EXCLUSIVE: Four councils continue to dodge corporate peer challenge

By Dan Peters | 16 May 2024

Four councils could be at risk of Government intervention as they dig in over not undergoing a corporate peer challenge (CPC).

The Local Government Association (LGA) had refused to name and shame the councils that have still not committed to a date to have a CPC – 13 years after the programme was launched.

However, the LGA has now been forced to disclose under the Freedom of Information Act the names of the remaining councils that have not yet booked in to have a CPC – Bromley and Hillingdon LBCs, Leicestershire CC and Dartford BC.

Neither Bromley nor Leicestershire are currently LGA members but all councils are now expected by the Department for Levelling Up, Housing and Communities (DLUHC) to have a CPC every five years.

An LGA source said: ‘A huge amount of effort has gone in to get people to sign up.

'The number of councils not having a CPC has gone down as the LGA has made a concerted effort.

'Some of those councils are refuseniks but we just keep pushing.

‘I think it’s a good thing that those names are out in the public domain.

'There’s a feeling that people have to be made examples of.’

Chief executive of the Office for Local Government, Josh Goodman, has warned that councils that had repeatedly turned down a CPC could trigger the watchdog to have an ‘early warning conversation’.

Goodman has said it was a ‘clear early warning sign’ if local authorities had not had a CPC for a ‘very long time’.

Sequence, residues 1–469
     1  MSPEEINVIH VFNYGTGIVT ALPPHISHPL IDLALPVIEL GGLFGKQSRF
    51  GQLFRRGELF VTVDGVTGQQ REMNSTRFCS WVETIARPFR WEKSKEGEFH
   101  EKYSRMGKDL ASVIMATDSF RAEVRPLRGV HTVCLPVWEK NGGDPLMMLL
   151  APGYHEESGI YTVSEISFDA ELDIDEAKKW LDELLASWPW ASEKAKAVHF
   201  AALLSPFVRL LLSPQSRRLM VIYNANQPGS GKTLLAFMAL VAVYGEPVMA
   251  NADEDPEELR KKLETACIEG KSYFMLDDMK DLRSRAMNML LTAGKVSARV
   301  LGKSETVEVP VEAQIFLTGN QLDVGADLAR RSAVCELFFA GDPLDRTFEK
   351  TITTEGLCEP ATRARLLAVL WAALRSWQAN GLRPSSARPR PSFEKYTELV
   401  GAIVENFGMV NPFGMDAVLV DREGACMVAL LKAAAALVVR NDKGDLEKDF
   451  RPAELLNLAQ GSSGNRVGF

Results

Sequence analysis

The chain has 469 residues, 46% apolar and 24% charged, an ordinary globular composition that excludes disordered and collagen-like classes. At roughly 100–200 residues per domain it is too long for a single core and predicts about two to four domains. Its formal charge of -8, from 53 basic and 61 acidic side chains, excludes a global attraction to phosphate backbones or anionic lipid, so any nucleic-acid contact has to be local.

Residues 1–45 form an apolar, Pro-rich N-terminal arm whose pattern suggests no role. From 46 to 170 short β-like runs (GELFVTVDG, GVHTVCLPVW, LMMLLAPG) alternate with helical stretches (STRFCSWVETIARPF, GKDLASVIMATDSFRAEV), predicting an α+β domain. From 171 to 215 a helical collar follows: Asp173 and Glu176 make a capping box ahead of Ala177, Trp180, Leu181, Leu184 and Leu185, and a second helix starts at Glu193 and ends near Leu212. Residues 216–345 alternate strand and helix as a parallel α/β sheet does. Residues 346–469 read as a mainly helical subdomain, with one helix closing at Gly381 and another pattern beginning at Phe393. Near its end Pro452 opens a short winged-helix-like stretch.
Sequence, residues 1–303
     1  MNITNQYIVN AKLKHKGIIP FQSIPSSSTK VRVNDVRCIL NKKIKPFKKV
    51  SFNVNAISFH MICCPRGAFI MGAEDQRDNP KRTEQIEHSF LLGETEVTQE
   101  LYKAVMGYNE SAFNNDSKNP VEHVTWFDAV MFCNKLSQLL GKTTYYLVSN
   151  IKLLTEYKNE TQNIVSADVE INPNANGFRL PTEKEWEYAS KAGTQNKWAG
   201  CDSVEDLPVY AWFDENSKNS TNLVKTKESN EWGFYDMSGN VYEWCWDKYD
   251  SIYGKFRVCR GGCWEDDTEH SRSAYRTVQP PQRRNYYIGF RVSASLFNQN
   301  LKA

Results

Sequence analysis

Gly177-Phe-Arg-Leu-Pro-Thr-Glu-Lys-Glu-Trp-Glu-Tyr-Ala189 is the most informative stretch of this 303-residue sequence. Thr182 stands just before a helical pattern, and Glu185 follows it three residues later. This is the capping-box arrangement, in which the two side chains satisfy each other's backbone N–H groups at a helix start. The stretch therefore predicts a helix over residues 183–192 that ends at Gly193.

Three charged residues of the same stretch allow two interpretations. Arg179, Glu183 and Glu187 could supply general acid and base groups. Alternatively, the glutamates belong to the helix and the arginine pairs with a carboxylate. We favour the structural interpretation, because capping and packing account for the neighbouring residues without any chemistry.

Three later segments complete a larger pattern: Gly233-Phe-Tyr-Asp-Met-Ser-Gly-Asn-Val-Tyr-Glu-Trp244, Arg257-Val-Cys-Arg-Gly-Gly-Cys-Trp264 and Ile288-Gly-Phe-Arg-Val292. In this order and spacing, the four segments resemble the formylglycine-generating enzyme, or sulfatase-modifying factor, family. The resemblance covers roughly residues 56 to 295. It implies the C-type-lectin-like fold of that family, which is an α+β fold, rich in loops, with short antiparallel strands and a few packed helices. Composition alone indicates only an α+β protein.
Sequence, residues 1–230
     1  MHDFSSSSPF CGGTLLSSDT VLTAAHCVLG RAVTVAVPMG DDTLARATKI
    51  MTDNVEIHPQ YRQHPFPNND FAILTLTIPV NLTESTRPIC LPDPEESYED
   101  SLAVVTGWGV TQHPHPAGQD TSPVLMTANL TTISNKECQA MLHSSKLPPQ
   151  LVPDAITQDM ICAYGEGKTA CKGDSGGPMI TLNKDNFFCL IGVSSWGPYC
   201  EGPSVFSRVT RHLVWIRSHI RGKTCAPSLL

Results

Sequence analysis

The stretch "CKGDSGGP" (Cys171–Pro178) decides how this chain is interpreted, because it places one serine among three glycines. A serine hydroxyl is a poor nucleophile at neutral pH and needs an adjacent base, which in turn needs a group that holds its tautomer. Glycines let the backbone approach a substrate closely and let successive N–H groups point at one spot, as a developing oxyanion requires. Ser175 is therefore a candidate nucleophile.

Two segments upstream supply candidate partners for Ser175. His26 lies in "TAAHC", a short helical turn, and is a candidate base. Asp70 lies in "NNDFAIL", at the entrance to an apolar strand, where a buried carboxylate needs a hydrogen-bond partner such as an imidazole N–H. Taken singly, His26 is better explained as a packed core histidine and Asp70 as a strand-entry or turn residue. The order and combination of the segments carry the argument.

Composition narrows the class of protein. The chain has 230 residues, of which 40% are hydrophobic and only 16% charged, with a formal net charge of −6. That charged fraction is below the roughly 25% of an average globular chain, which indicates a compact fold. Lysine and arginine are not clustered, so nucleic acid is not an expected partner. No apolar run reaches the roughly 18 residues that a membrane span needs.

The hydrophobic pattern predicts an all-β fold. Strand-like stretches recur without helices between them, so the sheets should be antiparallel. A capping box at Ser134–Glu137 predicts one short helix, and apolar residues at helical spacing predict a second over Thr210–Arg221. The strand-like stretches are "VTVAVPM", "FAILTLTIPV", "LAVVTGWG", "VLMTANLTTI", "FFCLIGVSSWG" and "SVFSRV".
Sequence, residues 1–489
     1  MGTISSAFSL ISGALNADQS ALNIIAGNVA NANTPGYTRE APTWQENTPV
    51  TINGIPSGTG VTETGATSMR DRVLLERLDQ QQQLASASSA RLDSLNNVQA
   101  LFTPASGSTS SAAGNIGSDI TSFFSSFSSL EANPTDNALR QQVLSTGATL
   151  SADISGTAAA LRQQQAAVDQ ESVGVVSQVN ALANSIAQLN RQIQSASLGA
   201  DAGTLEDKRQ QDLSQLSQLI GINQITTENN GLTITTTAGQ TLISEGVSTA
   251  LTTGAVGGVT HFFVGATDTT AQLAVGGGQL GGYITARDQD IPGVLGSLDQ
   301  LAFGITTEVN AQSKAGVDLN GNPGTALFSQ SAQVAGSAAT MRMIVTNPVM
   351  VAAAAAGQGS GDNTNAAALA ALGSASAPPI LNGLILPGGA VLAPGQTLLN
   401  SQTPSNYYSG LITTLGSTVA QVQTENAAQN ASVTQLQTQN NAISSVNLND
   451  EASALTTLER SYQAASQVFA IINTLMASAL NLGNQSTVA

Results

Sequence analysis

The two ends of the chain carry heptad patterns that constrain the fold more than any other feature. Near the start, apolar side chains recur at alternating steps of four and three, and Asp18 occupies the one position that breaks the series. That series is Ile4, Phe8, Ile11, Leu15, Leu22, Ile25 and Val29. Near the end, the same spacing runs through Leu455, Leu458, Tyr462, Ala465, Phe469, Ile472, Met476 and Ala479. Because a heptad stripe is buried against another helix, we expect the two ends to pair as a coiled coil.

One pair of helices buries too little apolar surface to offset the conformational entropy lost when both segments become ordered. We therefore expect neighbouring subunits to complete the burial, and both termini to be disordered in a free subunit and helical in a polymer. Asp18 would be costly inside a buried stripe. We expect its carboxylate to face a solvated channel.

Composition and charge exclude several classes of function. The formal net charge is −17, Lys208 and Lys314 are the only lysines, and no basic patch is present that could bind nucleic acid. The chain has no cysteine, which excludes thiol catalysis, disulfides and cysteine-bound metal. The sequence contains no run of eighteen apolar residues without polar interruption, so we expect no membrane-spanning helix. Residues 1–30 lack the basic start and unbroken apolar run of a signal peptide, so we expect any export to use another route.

Despite Goodman’s comments, Leicestershire chief executive John Sinnott has said his council does not believe the LGA’s peer challenge ‘is of any particular value. Neither is it the best use of top-sliced Government resources’.

Leicestershire leader Nick Rushton said the council ‘prefers to measure its performance and value for money against an extensive set of metrics’ and ‘believes its own approach is more open and transparent than peer review’.

Dartford claimed it was ‘committed to continuous improvement’ and that it supported the LGA’s peer review programme despite not having engaged so far.

A Dartford statement read: ‘Our choice of one method shouldn’t be interpreted as a rejection of others.

'Taken together, Dartford already benefits from a significant level of external challenge.’

Hillingdon said it would ‘review the option’ for a CPC while Bromley did not respond to a request for comment.

Chichester DC, which has yet to have booked in a CPC, claimed it had been advised by the LGA that it ‘does not have the capacity’ to undertake one until the latter part of this year but the association’s improvement team insisted there were ‘no capacity issues’.

Chairman of the LGA’s improvement and innovation board, Abi Brown, said: ‘The LGA continues to encourage all English councils to have a corporate or finance peer challenge every five years.’

Recent timeline

May 2017: LGA bats away an independent call to publish a list of councils that have not yet engaged with sector-led improvement

April 2018: The sector’s Improvement and Development Agency agrees the number of councils that have not had a CPC since 2012 will be reduced by half in 2018-19

July 2020: An independent report urges the LGA to consider what further action it could take to encourage increased participation in sector-led improvement

July 2022: The LGA says all CPCs must now be published ‘in the spirit of openness and transparency’

August 2022: DLUHC launches a survey into the LGA’s peer support to councils

May 2023: LGA admits chief executives who volunteer as peers do not have to have a CPC in their own council

August 2023: LGA again refuses to publish the list of councils that have not had a CPC but says it expects the ‘very few that haven’t yet had a CPC to do so by 2024’

March 2024: The LGA launches its ‘strengthened’ CPC to help neutralise the threat from Oflog

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Whitehall Local Government Association Legislation Chief executives Improvement FOI DLUHC Oflog